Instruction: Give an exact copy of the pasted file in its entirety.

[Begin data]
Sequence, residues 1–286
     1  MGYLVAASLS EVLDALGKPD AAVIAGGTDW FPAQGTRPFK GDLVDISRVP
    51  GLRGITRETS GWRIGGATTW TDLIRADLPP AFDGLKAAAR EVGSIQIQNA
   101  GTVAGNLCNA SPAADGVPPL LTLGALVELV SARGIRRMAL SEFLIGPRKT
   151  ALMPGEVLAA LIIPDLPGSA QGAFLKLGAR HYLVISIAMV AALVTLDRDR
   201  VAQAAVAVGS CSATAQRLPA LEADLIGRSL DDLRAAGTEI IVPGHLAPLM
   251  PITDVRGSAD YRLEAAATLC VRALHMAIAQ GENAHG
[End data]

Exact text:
Sequence, residues 1–286
     1  MGYLVAASLS EVLDALGKPD AAVIAGGTDW FPAQGTRPFK GDLVDISRVP
    51  GLRGITRETS GWRIGGATTW TDLIRADLPP AFDGLKAAAR EVGSIQIQNA
   101  GTVAGNLCNA SPAADGVPPL LTLGALVELV SARGIRRMAL SEFLIGPRKT
   151  ALMPGEVLAA LIIPDLPGSA QGAFLKLGAR HYLVISIAMV AALVTLDRDR
   201  VAQAAVAVGS CSATAQRLPA LEADLIGRSL DDLRAAGTEI IVPGHLAPLM
   251  PITDVRGSAD YRLEAAATLC VRALHMAIAQ GENAHG